The Huntington Gorge is located less than 15 miles outside of Burlington, in the town of Richmond. During the spring and summer, this drive will answer any questions you may have as to why Vermont is called “The Green Mountain State.” Of course, as the seasons change, that lush green color gives way to the vibrant shades of fall, giving you an even more dramatic color scheme, until finally being covered in a wintery white. Included within this short drive is a view of Camel’s Hump, Vermont’s most recognizable and third-highest mountain.

Old Round ChurchAlso along the way is The Old Round Church, a church originally constructed as a place of worship for five Protestant denominations, before being primarily used as a town hall. These days, it functions as an example of a New England meeting house, hosting the occasional wedding or two. Now under the jurisdiction of The Richmond Historical Society, you can visit the church and take a tour, but the available times depend on the season.

Once you finally reach the Huntington Gorge, walk the short trail and find a spot to have a picnic. The natural sound of rushing water and the sun’s bright rays will complement whatever experience you seek to have. If you’re feeling up for a swim, hop in one of the many swimming holes along the way, but take note of the signs warning of unsafe areas with strong currents.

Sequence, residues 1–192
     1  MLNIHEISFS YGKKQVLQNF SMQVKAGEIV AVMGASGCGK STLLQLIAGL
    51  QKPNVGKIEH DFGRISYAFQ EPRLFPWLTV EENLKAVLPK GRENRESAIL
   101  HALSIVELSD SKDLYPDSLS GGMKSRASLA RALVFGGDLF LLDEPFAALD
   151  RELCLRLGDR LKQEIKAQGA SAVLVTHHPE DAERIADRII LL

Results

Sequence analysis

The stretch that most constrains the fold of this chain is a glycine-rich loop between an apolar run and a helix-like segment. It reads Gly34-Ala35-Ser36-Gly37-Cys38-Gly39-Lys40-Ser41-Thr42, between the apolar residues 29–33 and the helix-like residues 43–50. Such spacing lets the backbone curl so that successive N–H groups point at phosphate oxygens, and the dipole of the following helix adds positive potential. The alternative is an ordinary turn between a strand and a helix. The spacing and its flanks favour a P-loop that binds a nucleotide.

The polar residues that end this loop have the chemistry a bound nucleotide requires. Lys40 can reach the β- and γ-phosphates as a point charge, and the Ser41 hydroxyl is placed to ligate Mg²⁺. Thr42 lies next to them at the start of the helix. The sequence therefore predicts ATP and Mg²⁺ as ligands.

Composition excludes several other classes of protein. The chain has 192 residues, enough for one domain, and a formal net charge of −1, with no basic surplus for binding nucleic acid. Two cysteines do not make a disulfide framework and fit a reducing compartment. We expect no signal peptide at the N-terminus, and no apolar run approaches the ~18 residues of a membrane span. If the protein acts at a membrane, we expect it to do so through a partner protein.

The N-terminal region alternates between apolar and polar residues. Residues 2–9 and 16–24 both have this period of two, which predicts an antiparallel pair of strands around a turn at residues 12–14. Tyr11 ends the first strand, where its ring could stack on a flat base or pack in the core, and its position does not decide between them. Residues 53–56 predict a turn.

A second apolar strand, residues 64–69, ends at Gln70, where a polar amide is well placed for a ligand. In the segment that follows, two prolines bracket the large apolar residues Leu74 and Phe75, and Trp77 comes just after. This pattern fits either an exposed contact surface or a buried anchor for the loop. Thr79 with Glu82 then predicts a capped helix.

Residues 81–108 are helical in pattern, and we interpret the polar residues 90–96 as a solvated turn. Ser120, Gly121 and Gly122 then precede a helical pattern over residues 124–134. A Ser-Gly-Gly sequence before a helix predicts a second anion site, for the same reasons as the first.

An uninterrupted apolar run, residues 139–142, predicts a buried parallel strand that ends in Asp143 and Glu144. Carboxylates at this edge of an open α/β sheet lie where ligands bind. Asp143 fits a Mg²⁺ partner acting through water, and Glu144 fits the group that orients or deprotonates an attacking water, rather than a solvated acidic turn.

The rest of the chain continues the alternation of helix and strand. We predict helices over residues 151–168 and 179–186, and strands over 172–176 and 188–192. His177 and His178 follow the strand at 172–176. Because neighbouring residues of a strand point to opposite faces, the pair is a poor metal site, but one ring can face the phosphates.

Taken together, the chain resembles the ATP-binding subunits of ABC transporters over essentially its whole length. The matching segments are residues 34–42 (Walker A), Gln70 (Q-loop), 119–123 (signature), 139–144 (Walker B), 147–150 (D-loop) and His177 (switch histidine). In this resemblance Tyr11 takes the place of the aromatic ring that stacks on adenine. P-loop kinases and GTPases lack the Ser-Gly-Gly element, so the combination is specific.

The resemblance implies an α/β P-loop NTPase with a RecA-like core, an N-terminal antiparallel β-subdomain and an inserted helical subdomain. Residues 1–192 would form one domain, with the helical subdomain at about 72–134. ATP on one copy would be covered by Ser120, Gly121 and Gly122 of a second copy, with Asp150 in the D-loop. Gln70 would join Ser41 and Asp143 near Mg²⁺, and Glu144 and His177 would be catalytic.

Or, how about leaving the car behind altogether? Bike rentals are easily accessible, and it can be the better way to see Lake Champlain and the lake’s fabled monster, Champ.

The Burlington Bikeway begins in South Burlington, traversing along the waterfront and meeting up with the Island Line Causeway which extends 3 miles out over the lake. The whole ride is 12.5 miles one-way, so a 25-mile ride would make for an excellent day trip, stopping along the way at various points of interests for either lunch or photos.

Just don’t think about swimming here: Lake Champlain made Peter’s book “Don’t Go There” thanks to its high pollution levels.

Vermont sunsetOf course, to enjoy the lake, you needn’t ride the whole route. Just past mile 2 is Waterfront Park, a spacious area located near several eateries.

Check out The Skinny Pancake, a creperie and coffee shop which is also host to a Folk and Fondue Music Series every Thursday, Friday, and Saturday evenings.

Further up the path is North Beach, a small area to rest and enjoy the scenery. A truly awesome site is located at mile 7, where the Trail Bridge connects the Burlington Bikeway with the Colchester Causeway. Prior to the construction of this bridge, riders had to take a ferry across the short distance.

Text and photos by Karl I. Muller for Click here to vote for Karl to win the GuideGecko writing contest for his feature story on traveling on a budget in Japan.